Ultimately, there is no fair way to pay every college athlete. But I do have an answer to the question: “Should college athletes be paid?”
First, the proponents have to find a feasible way to raise the money to pay such performers without violating Title IX and changing the landscape of college sports.
According to figures compiled by USA Today in the 2011-2012 year, only 23 of the 228 NCAA Division I public schools made enough money to cover expenses. Of those 23, only eight, including the University of Texas, did not receive subsidies.
Forbes Magazine also compiled a ranking of the most valuable college football teams in 2013. The Longhorns were at the top with a value of $139 million, revenue of $109 million and a profit of $82 million.
Texas A&M was the only other Texas school on the list with a $72 million value, $54 million revenue and $36 million profit.
Sure, football and men’s college basketball — let’s call them the “revenue” sports — bring in a lot of money, but they have to do this in order to pay for all the other sports that hemorrhage money.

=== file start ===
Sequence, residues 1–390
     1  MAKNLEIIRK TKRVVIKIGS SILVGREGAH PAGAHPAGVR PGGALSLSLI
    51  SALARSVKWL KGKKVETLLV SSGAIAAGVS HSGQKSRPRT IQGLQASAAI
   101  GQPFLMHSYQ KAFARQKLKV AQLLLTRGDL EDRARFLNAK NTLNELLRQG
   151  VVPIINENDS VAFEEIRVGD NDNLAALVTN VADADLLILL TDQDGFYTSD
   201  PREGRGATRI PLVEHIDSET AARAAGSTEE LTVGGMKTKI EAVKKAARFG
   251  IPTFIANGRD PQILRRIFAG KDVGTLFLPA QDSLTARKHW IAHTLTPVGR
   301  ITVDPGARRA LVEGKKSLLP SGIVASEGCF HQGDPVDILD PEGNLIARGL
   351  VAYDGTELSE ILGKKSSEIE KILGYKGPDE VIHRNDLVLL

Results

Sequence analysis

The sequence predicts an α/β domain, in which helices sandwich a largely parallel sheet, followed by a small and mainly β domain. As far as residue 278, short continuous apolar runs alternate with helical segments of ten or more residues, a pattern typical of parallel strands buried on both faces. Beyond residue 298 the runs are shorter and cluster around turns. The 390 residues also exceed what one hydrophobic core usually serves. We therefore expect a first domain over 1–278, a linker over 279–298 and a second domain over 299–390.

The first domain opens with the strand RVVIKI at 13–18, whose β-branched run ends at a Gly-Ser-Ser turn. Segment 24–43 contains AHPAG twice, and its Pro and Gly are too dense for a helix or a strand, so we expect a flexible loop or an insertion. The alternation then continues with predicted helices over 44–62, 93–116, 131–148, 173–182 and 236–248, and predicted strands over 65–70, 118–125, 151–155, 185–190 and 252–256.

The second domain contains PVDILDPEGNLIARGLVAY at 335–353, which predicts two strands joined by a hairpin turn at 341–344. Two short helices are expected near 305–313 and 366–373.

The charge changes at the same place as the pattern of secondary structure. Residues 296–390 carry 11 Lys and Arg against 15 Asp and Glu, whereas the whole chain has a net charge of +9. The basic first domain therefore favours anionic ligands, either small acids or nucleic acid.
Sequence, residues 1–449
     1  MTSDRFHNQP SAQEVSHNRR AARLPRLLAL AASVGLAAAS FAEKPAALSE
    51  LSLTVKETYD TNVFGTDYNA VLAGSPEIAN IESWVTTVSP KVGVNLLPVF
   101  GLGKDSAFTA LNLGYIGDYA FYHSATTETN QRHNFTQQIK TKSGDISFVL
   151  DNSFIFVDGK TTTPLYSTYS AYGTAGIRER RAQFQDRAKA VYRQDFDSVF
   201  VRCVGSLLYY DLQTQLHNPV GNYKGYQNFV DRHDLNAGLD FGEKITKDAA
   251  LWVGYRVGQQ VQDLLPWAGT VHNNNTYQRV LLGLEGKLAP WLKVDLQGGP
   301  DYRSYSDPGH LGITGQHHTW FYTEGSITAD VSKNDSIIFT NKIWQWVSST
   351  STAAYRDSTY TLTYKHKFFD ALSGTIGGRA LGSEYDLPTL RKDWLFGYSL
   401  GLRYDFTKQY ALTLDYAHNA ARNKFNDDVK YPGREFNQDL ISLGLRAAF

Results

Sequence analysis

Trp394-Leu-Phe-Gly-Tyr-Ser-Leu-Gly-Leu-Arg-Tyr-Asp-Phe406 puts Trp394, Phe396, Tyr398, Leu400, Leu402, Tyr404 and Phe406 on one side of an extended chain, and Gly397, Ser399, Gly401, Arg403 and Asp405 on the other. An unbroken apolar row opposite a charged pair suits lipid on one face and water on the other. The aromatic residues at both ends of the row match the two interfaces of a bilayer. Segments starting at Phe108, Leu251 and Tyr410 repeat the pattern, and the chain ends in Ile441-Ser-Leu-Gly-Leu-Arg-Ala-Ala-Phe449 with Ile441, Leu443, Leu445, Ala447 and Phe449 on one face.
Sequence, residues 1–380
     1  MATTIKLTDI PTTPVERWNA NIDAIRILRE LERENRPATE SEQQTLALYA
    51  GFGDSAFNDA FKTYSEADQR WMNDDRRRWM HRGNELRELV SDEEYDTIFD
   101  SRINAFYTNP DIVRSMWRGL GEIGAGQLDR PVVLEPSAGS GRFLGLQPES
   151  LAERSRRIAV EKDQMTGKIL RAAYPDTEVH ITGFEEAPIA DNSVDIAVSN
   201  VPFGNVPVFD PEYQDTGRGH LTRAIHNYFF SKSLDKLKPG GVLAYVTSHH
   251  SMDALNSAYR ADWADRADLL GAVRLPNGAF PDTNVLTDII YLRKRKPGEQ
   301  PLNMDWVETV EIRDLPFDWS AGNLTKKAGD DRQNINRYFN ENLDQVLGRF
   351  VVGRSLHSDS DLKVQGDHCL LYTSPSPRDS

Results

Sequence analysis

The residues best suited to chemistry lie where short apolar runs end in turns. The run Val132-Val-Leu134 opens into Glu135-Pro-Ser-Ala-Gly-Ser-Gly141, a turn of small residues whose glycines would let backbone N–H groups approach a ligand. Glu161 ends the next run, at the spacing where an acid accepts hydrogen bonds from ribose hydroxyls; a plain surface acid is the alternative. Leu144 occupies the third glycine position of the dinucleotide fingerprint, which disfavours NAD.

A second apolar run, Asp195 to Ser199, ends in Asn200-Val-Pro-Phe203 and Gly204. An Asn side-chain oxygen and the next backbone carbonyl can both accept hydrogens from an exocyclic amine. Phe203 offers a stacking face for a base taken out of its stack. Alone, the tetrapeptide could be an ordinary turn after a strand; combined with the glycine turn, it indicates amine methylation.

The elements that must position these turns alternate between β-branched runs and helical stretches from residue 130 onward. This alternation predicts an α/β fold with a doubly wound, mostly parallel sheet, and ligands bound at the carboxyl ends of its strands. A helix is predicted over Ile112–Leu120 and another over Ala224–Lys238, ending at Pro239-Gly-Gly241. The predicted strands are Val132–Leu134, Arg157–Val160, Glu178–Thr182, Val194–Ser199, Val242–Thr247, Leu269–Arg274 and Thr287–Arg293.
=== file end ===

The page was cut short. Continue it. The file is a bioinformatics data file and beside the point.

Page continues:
According to the 2013 University of Texas Sports Revenue Report, the only other sports, other than football, to turn a profit were men’s basketball ($10,220,155) and baseball ($4,302,058) during the 2011-2012 season.
The 13 others sports lost money, including nine women’s sports. Women’s rowing, soccer, track and field/cross country and volleyball lost more than $1 million and women’s basketball lost more than $3.3 million.
Texas and Texas A&M could afford to pay all its athletes equally, but the vast majority of college sports programs are not cash cows. For them, paying all athletes a substantial amount of money is impossible.
Because of Title IX, it would only be fair to pay every athlete on campus equally. But is it fair to pay the participants of those few revenue sports the same as the nonrevenue sports?
After all, revenue from football and men’s basketball provides the opportunity for most of the other sports to exist.
In the spirit of capitalism, only football and men’s basketball players should be paid.
Contact Albert Alvarado at email@example.com